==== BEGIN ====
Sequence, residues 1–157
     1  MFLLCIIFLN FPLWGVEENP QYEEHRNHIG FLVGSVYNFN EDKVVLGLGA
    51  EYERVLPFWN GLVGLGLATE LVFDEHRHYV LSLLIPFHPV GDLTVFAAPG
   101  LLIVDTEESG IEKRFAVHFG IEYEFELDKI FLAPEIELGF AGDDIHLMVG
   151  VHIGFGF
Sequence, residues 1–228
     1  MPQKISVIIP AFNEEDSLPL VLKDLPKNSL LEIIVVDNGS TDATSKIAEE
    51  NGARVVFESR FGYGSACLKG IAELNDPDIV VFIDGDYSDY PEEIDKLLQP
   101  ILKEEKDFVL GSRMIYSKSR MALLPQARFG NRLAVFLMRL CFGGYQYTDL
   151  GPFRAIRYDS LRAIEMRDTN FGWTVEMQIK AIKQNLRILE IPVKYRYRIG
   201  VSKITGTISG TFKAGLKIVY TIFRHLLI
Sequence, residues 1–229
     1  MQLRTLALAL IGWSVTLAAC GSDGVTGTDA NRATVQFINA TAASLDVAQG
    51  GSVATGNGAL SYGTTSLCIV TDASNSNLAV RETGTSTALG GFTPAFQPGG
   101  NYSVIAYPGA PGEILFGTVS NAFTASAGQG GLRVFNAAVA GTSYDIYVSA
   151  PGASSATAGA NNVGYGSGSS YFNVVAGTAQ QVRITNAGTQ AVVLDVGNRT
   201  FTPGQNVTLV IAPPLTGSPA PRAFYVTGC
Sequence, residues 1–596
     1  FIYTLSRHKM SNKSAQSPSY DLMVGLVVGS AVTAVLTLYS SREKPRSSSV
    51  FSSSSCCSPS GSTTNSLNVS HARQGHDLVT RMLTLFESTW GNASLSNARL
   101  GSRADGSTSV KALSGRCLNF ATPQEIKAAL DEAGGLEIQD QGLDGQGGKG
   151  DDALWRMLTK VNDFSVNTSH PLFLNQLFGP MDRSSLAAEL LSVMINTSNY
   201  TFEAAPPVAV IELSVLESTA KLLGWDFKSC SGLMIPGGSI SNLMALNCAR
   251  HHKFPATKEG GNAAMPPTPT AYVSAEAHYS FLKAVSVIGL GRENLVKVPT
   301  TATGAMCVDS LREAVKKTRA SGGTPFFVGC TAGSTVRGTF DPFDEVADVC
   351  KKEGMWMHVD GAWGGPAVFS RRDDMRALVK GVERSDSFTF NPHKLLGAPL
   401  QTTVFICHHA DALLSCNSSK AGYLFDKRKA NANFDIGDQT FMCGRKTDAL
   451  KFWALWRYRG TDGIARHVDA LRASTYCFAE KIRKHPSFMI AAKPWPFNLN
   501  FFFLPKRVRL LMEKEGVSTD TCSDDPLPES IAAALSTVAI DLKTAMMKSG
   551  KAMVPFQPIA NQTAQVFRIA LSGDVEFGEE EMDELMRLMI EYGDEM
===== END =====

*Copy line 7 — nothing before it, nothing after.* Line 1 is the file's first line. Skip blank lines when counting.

     1  MPQKISVIIP AFNEEDSLPL VLKDLPKNSL LEIIVVDNGS TDATSKIAEE